Once upon a time I would’ve gasped at the sight of a man riding a motorbike through peak hour traffic with a refrigerator behind him, dubiously strapped to the back part of the seat. And yes, I too remember the feeling of pity mixed with amazement at the gaggle of live ducks being transported by xe may to the local market. (But of course I got my camera phone out, took a quick pic and sent the message to the folks back in Oz). And let’s not forget the pre-Tet frenzy where innumerous two-wheeled vehicles sprout celebratory cumquat trees in large earthen pots – usually wedged between driver and passenger. It’s like weaving through a moving garden of Eden on the street.
But of course I quickly became conditioned. In fact when my parents asked me how I distributed Live Hoi An magazine I replied ‘well by motorbike of course’. Two boxes positioned comfortably in front between the legs and one on the back for good measure. Horrified, they tended to limit their questions to the weather after that.
Anyway, you’ve no doubt seen your fair share of unorthodox (in Western terms) items being transported by motorbike. Perhaps you just dodged the bloke carrying that 3-meter sheet of glass through the traffic light – even though the light was red for him and green for you. Or you mounted the back of a xe om along with 4 other people outside the pub in order to get back to the hotel. Good on you, embrace it! At the end of the day, accidents do occur but not as often as you may think. People here go with the flow and are more flexible on the road. Which means they anticipate how to slow down and speed up at the right time, and yes, are able to carry gargantuan objects on their motorbikes. How could you not admire the skill involved?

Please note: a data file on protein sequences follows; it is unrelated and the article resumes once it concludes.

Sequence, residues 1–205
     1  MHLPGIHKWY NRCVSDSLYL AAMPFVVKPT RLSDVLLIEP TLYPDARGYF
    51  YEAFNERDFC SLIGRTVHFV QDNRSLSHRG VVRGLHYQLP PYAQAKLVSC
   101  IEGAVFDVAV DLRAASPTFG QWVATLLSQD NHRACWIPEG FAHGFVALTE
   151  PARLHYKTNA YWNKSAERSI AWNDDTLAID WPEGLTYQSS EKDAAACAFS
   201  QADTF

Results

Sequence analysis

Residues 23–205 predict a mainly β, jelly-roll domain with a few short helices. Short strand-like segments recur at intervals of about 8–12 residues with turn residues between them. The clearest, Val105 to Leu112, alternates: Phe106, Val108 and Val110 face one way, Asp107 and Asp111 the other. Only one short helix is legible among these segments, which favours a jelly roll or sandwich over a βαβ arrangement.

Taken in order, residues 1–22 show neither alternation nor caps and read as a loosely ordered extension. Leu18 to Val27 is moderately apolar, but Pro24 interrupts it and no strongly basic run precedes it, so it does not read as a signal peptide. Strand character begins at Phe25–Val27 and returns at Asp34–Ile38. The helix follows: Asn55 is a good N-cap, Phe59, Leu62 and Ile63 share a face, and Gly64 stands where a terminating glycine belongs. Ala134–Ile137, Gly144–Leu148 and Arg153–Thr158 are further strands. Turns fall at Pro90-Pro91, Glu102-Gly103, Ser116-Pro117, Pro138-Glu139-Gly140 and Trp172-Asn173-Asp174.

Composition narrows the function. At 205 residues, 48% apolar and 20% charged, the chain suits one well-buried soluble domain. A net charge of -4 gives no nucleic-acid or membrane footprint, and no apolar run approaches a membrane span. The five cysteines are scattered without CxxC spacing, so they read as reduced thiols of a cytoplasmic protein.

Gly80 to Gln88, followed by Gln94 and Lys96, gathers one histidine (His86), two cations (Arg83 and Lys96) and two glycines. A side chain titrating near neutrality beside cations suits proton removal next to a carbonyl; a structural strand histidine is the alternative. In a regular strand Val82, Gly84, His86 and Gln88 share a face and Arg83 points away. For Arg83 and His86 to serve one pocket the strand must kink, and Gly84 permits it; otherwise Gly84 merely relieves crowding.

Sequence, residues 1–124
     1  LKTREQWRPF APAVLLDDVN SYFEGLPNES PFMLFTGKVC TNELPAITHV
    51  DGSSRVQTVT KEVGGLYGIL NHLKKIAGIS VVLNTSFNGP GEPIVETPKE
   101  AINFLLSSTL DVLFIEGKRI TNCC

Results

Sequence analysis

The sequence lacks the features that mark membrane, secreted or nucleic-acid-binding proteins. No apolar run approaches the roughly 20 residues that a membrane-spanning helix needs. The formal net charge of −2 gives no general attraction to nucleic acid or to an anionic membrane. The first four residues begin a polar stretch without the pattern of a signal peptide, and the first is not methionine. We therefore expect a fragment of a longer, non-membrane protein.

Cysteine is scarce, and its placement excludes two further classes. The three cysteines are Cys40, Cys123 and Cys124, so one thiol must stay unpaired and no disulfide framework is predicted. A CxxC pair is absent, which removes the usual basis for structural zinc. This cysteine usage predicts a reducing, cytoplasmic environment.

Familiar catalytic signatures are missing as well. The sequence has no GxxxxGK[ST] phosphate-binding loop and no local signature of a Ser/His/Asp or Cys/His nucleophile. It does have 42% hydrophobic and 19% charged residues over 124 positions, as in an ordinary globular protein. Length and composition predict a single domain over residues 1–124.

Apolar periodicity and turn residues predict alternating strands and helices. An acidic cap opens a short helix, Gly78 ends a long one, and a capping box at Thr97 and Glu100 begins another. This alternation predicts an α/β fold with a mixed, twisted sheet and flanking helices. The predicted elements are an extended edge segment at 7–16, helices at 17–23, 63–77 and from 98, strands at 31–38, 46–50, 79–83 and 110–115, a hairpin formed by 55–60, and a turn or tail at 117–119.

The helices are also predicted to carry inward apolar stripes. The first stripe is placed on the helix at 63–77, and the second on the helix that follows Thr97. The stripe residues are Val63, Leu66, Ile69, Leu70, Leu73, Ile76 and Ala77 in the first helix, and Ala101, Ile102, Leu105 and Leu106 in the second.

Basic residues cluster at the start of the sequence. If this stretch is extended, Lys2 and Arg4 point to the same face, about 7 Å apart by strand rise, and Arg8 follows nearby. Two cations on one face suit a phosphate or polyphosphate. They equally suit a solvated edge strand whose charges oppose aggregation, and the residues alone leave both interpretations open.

When still in Hoi An I decided I wouldn’t be satisfied until I’d managed to move the entire contents of my home to a new one via the back of an old Honda. Only then could I proudly say I was Vietnamese! Still haven’t given up on that one.
Here are further examples of the King of Vietnamese Transportation, but feel free to send us more at [email protected] – we’ll put them up on the website!
Text by Amy Morison, photos by Michele Ginder-North
Edited and updated: originally published in Live Hoi An MagazineBack to previous page